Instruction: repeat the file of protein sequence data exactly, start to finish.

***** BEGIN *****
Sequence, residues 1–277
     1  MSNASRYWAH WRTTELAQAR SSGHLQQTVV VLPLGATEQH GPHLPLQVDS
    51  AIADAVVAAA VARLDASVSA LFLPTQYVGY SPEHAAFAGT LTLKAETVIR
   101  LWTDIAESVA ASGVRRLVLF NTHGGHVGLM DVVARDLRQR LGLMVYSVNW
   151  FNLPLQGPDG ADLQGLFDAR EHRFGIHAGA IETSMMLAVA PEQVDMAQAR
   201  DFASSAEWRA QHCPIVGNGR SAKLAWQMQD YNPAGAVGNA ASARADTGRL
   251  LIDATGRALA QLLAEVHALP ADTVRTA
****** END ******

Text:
Sequence, residues 1–277
     1  MSNASRYWAH WRTTELAQAR SSGHLQQTVV VLPLGATEQH GPHLPLQVDS
    51  AIADAVVAAA VARLDASVSA LFLPTQYVGY SPEHAAFAGT LTLKAETVIR
   101  LWTDIAESVA ASGVRRLVLF NTHGGHVGLM DVVARDLRQR LGLMVYSVNW
   151  FNLPLQGPDG ADLQGLFDAR EHRFGIHAGA IETSMMLAVA PEQVDMAQAR
   201  DFASSAEWRA QHCPIVGNGR SAKLAWQMQD YNPAGAVGNA ASARADTGRL
   251  LIDATGRALA QLLAEVHALP ADTVRTA